Betatrophin May Benefit T2D Patients, study finds


Cambridge, MA — Researchers at the Harvard Stem Cell Institute (HSCI) may have found a way to slow or possibly even stop the progression of type 2 diabetes; one of the world’s largest growing health problems.

Betatrophin, primarily expressed in the body in liver and fat, was found to prompt the body to create a protein that “significantly and specifically promotes pancreatic beta cell proliferation,” according to the study researchers.

Finding the right hormone was a stroke of luck — senior author Douglas Melton and coauthor Peng Yi were investigating what happens when animals don’t make enough insulin. Previous research showed that when the insulin pathway is blocked in the liver, there’s some process that induces the pancreas to make more insulin-secreting beta-cells in response.

So Melton and Yi treated mice with a small protein called S961, which blocks insulin signaling and induces glucose intolerance. Soon, the mice began to make more beta-cells. The researchers tried adding S961 directly to mouse beta-cells in the lab, but there was no observed effect. Therefore, they realized there had to be some intermediary in the process that eventually signaled the pancreas to start making more beta-cells.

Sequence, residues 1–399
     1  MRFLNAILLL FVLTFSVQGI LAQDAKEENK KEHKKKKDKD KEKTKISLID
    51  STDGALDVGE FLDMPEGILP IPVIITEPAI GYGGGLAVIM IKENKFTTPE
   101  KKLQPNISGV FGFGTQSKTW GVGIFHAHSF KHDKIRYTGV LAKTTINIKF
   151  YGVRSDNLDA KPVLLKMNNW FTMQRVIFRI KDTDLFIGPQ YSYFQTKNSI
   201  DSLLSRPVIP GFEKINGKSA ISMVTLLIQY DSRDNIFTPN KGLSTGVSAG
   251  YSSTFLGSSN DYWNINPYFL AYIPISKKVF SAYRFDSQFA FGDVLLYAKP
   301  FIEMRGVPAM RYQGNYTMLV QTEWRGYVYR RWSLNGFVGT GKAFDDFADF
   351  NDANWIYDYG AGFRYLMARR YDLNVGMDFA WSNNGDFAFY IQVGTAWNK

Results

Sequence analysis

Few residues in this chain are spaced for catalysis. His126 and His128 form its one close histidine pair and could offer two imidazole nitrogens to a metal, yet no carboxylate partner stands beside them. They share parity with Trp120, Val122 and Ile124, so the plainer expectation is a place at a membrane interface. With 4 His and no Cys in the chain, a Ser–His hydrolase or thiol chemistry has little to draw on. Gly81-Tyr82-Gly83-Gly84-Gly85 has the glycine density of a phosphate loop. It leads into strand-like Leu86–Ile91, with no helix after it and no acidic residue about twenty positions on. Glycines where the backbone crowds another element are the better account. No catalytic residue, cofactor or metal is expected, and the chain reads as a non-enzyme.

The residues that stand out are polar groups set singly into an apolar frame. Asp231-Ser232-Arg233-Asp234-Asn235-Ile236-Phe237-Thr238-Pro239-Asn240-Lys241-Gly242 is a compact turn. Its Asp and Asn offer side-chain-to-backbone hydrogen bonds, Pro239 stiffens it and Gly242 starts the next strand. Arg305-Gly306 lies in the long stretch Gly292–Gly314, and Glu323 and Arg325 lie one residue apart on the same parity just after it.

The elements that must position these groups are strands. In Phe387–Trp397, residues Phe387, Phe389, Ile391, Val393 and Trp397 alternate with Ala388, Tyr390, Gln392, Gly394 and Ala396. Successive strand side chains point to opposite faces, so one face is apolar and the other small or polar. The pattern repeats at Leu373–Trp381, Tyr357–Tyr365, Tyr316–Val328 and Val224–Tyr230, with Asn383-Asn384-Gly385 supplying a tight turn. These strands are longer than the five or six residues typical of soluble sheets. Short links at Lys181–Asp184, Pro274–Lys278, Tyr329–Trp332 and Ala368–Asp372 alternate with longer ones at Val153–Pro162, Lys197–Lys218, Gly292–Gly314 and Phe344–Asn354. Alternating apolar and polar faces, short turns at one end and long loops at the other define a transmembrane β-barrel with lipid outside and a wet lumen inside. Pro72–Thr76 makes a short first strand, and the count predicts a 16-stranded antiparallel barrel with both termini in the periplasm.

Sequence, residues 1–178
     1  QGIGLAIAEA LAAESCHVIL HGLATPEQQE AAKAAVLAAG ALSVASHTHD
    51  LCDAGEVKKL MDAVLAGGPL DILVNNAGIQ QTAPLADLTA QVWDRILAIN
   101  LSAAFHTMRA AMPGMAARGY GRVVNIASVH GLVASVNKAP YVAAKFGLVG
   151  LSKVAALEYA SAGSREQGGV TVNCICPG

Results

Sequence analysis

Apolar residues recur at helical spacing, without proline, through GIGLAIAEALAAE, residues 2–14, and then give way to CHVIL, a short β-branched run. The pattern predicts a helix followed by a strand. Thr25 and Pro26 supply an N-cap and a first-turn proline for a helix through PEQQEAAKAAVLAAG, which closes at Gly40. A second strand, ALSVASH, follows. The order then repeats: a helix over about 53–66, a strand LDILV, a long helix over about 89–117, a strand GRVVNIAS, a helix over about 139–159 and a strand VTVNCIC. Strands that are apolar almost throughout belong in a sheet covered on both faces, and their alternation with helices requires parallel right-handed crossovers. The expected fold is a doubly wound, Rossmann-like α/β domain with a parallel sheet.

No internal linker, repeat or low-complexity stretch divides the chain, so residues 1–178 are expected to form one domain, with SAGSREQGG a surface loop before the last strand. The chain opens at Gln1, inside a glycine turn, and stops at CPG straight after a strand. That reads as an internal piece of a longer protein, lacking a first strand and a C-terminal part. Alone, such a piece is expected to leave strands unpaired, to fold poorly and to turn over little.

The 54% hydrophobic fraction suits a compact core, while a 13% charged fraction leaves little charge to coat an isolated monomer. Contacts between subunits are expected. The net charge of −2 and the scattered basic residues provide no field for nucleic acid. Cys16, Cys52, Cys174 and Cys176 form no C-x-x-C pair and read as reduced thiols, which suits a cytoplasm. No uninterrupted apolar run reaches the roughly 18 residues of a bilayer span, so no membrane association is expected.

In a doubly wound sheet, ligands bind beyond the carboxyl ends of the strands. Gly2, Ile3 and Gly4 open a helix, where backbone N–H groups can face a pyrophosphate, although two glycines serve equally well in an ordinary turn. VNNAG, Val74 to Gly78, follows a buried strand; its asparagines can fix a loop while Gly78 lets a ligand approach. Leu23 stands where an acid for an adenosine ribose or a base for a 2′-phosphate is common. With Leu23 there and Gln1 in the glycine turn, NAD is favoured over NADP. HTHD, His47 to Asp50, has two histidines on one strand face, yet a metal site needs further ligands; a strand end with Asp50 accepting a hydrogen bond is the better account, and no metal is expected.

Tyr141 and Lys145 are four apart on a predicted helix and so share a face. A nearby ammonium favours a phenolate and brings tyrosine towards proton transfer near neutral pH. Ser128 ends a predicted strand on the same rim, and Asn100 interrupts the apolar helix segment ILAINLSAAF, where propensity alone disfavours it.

Using what’s called a DNA microarray analysis, the researchers looked at the expression levels of various genes in mouse tissues known to be involved in regulating metabolism — liver tissue, white fat and skeletal muscle. After treatment of S961, they were able to zero in on a single gene, which they called betatrophin, which encodes for a protein that is 198 amino acids long. After S961 is applied, the level of betatrophin expression jumps in both the liver and white fat tissues.

When Melton and his colleagues induced the livers of living mice to make more betatrophin, there was “a striking increase in beta-cell replication,” an “average of 17-fold higher than in control animals.”

Nevertheless, figuring out how betatrophin acts on pancreatic beta-cells still remains unanswered. But this finding does open the door to a possible new treatment therapy where taking insulin shots would become a thing of the past.

“Our idea here is simple,” said Melton. “We would provide this hormone, the type 2 diabetic will make more of their own insulin-producing cells, and this will slow down, if not stop, the progression of their diabetes. I’ve never seen any treatment that causes such an enormous leap in beta-cell replication.”

To view a complete copy of this new study, please click here.